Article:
The children of her school were of divers ages and sizes. There were lank boys taller than Mary and little girls that needed to be cuddled and mothered. The native children, mostly a tow-headed lot, were easily distinguished from the children of the families at the mines, whose parents were from Naples or Palermo.

Not even the girls from Southern Italy had blacker hair or more dreamy eyes than Mary's. Hers was a seeming nature and appearance made of a composite of the girls of her school; natives of the hills and the aliens of the blue Mediterranean.

Some of the foreign boys who knew little English were carefully grounded in mathematics and certain physical sciences. Their proficiency made it a difficult task for their immature teacher. She was aware of her limitations and struggled faithfully to overcome them, spending many hours to qualify herself in mathematics and as a grammarian.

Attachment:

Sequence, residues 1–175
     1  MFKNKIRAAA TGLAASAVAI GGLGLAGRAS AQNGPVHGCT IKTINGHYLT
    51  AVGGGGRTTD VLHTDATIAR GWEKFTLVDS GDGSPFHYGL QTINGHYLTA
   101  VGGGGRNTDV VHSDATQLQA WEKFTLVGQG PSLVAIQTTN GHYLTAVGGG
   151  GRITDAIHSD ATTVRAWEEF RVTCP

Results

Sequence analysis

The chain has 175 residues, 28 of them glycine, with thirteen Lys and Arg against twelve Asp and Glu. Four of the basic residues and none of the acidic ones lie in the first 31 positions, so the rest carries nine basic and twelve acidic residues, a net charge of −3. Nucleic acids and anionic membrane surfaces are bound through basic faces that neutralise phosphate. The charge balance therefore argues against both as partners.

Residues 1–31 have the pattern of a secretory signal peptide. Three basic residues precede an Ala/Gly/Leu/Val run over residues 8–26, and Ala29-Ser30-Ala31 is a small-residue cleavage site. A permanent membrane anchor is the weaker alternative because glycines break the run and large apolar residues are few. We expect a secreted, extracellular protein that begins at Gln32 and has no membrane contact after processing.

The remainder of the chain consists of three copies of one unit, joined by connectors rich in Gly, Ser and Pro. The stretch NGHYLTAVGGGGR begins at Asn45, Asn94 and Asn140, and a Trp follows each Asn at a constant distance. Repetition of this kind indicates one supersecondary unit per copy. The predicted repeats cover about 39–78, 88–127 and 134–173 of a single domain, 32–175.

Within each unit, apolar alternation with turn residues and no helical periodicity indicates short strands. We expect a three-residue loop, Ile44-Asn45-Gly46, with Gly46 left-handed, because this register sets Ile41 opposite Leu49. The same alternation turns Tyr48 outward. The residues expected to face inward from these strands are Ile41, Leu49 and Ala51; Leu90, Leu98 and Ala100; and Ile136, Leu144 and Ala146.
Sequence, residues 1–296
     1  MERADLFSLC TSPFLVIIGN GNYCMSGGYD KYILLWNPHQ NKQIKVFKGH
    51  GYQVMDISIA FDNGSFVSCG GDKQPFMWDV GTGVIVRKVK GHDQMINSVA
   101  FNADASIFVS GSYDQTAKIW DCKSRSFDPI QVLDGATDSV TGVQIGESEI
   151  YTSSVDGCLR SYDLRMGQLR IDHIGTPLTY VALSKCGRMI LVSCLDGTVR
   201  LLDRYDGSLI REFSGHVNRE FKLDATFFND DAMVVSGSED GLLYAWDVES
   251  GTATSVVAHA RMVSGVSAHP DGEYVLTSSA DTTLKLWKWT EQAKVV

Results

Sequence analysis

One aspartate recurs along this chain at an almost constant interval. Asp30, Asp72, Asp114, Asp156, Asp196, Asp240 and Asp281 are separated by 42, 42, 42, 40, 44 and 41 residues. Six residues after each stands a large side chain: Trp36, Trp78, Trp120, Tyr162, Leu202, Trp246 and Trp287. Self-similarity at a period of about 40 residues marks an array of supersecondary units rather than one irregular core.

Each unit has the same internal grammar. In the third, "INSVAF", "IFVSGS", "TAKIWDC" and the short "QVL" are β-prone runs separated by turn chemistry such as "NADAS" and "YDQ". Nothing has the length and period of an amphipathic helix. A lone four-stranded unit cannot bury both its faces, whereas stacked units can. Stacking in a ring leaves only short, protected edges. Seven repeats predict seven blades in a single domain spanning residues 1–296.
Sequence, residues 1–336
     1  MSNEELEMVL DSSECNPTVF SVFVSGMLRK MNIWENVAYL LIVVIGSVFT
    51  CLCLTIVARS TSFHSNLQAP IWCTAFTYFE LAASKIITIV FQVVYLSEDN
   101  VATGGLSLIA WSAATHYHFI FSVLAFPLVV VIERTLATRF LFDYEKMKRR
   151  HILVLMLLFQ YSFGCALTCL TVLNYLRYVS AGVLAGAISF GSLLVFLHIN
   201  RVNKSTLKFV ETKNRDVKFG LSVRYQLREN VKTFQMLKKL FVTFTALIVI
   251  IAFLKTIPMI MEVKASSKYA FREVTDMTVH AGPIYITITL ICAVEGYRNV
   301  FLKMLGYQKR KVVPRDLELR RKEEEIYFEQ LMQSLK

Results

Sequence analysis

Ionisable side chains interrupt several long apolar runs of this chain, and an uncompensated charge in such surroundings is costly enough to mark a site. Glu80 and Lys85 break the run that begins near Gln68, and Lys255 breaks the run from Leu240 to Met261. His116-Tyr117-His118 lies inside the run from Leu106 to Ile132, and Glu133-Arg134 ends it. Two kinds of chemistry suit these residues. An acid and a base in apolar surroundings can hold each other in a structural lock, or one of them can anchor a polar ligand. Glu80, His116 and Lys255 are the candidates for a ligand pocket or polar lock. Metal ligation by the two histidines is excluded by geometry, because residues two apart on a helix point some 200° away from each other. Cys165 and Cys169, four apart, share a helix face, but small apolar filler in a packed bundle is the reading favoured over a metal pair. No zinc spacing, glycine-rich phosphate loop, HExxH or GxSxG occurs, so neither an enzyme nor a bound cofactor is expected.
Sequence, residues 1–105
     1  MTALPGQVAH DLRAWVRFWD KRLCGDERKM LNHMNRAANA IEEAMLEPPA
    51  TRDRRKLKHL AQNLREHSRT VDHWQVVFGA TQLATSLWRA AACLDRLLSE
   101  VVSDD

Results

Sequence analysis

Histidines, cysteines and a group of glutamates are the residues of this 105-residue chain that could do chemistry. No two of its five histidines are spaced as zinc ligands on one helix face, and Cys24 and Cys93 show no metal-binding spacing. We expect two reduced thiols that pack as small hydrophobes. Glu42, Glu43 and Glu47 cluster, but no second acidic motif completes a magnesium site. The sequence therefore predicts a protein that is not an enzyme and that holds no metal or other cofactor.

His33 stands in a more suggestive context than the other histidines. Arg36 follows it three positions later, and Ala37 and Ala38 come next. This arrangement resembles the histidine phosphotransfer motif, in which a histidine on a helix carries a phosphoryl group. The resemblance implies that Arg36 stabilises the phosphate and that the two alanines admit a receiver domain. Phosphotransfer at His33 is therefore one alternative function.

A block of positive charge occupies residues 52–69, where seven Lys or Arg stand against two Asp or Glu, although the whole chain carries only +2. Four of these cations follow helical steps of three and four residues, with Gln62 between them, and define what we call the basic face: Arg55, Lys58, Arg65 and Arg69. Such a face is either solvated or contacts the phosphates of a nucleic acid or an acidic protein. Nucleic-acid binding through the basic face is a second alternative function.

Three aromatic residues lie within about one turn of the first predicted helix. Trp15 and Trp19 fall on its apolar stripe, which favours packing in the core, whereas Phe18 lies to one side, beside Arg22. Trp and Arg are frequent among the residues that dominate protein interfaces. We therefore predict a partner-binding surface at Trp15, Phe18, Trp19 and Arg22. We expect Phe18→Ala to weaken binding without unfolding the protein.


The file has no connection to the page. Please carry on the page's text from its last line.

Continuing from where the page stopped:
That night, as the others were grouped about the door, talking or listening to the rain, she sat near a table on which burned a small unshaded oil lamp, studying out some grievous problems to her, in the third arithmetic.

Cornwall, noting her worried expression and how persistently she applied a slate rag, asked Susie, who sat near the table, to change places with him, and moving the chair near Mary's took the slate and by a few suggestions gave just the needed assistance; and in such a concise way that the quick though untrained mind of the girl found no further difficulties in solving the other problems of the lesson.